I interviewed Mount Eerie for another publication that I write for, have a read.
I interviewed Mount Eerie for another publication that I write for, have a read.
“taps into ambient and drone traditions while also delivering a constant stream of danceable bass lines and bouncy synth arpeggiations.”
“Lorde took a while to come back, but the last four years have been all growth and her empire is just beginning.”
“SZA pinpoints relatability while avoiding tired cliché”
“a great deal of variety in the project and the logical march from light to mean makes it digestible and addicting”
“Staples maintains his usual drawl speech and coy attitude as huge, biting electronic-influenced beats explode beneath him and hooks talk up his come up, moving from little pond problems to ‘countin’ up hundreds by the thousands.'”
“‘Grafts’ is one of her more condensed projects and although works like “A-480” and “Aftertouches” certainly offer blissful sublimity from beginning to end, “Grafts” is certainly her most no-moment-wasted work to date.”
I swear I’m catching up.
‘“Fly or Die” didn’t come together in a conventional manner and it owes a little bit to each of the traditions that Branch has experienced over the years. The record seamlessly incorporates post-production guitar ramblings, live set interpolations, and dubbed over trumpet trios without losing the sense of a single paint stroke.’
“Moss doesn’t need much to craft beauty, but her many different songwriting approaches make her debut surprising at every turn.”
“Perfume Genius has been prolific throughout the current decade and never fallen short of staying true to their songwriting footing. “No Shape,” their latest, isn’t earth shattering and doesn’t mark a dismissal from Hadreas’s glam-baroque pop (with a dash of heartfelt ballad) background, however, it’s a logical step forward and never falters in delivering entertaining, emotionally moving material.”
“Arca’s video “Reverie” is a good marker for the overall effect of his self-titled work and a true must see of 2017. Stilted up like a gazelle, Alejandro Ghersi painstakingly inches back and forth on screen, before an animalistic phallic shape emerges out of his groin and takes control of his body, leaving his face in even more pain. From his rear, the viewer sees blood stains. It’s confrontational, unsettling, and carries the scars of the queer experience.”
‘“Baby Be Simple” finds breathtaking delicacy at the hook and “I Wish I Didn’t Miss You” rides a cathartic lilt, but the title track finds a bit of punky bounciness and “Century” throws in a collage of punching vocals. Tackling life’s general ups and downs, her lyrics don’t cut too deep on their own, but the intimate instrumentals make for an impactful emotional experience.’
‘“World Eater,” the latest from UK-based industrial/noise producer Blanck Mass, pummels and jolts. After the quick, introductory track, “Rhesus Negative” fills itself to the brim with chaotic noise—tapping into some Aphex Twin influenced vocals and a bit of a hardcore punk bluntness in the percussive sounds—for a riveting nine minutes.’
Unfortunately haven’t quite gotten around to writing a review of the Saltland album, but I did get to interview Rebecca Foon in anticipation of her Suoni gig so go read that over at CULT MTL.
lol at this post, here’s 6 albums that I rated highly in somewhat of a linear fashion.
“On Unearth, she keeps her lyrics and sounds abstract and sparse, but also manages to offer an intimate, moving experience.”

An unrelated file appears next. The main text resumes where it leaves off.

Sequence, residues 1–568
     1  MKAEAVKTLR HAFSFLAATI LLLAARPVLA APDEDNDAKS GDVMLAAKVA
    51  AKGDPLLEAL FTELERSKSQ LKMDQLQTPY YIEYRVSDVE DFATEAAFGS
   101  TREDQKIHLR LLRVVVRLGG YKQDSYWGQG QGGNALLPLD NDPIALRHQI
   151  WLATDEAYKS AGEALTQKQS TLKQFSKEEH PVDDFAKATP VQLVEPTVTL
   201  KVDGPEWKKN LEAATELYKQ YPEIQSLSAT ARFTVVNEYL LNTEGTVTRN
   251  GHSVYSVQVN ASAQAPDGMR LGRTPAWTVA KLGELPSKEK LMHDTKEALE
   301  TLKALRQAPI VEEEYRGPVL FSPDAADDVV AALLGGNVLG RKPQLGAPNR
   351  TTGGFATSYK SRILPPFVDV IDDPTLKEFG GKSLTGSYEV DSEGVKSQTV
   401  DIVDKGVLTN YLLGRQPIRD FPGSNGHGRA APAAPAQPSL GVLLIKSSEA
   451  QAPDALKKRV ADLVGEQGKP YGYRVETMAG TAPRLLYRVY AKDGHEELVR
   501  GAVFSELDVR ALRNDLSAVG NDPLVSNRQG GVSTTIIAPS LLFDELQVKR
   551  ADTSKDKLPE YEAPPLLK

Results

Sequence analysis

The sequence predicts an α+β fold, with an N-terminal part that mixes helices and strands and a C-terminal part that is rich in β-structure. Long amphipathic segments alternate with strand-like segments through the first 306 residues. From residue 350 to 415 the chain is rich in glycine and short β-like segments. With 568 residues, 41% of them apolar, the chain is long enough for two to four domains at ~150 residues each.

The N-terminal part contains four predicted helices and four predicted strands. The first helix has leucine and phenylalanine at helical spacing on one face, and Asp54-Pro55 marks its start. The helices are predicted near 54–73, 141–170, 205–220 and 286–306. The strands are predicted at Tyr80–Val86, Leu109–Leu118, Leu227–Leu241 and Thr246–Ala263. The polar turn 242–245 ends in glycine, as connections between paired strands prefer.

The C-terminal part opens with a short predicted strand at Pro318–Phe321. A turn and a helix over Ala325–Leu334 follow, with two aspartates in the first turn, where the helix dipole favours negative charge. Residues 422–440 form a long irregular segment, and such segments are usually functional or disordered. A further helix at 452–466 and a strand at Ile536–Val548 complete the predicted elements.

“From beginning to end, the album pulses with life. These musicians hold blues and swing in everything they do, but they sound ridiculously fresh, unique, and in the moment at all times. Dickey is a painter at the drums. He never lays down the rhythm too obviously, yet the allusions to swing can always be heard. “Space Walk” reads as barren and contrasts the slightly more consistent rhythmic drive of the first track. Dickey is all over his toms on the track, but he also taps at the ride cymbal with the swell of each miniature musical phrase.”
“Damn isn’t a concept album, it isn’t a huge, sweeping narrative, and, truthfully, it isn’t packed with as much depth and nuance as To Pimp a Butterfly and Good Kid Maad City. However, it features the best rapper of the current moment doing exactly what he needed to after an 80-minute cinematic ploy. Damn features Kendrick contemplating his position and humility, it features his right-of-passage radio hit with Rihanna, and it features him plain old rapping his ass off. It doesn’t feature the hyper-organization of To Pimp a Butterfly, nor does it feature the linear story telling of Good Kid, but what Kendrick has done is he’s just exploded all his usual forms and simply delivered song after song with incredible production, mind-blowing beat changes, and catchy hooks.”
“All too often, comeback albums are a product of some combination of a popular middle-aged band needing retirement funds, labels at a loss for sales with young folks, and the human condition’s constant desperation for the past. The formerly critically-shunned shoegazers missed all of that.”
“A Crow Looked at Me is a glance at the stream of consciousness ramblings of Phil Elverum as he mourns the loss of his wife Genvieve Castree to cancer in July of 2016. Besides the final song where Elverum makes eye contact with a crow, later hears his daughter talking about a crow in her dreams, and finally finds peace in the fact that the crow is the reincarnation of his wife, the album doesn’t dabble in a whole lot of symbolism or poetic devices, and the music consists of matching simplicity. It’s a piece without answers or goals—it’s simply a man trying to find catharsis in speaking his day-to-day truth.”
“As many a rap crew have been over the course of the art form’s history, Migos are for the youth. “We ain’t really never had no old money/We got a whole lotta new money though” they spit on “Bad and Boujee,” an early contender for the year’s most iconic single. Roughly two years after showing the world the dab, Migos present “Culture” to claim a bit of their undeniable influence. The album isn’t a work that will shatter your world view or wow you with intricacy, but it is one that will keep you entertained with witty, fun lyrics, full-proof chemistry, and the occasional sober moment about how the trio’s dangerous lifestyle wasn’t necessarily a result of choice.”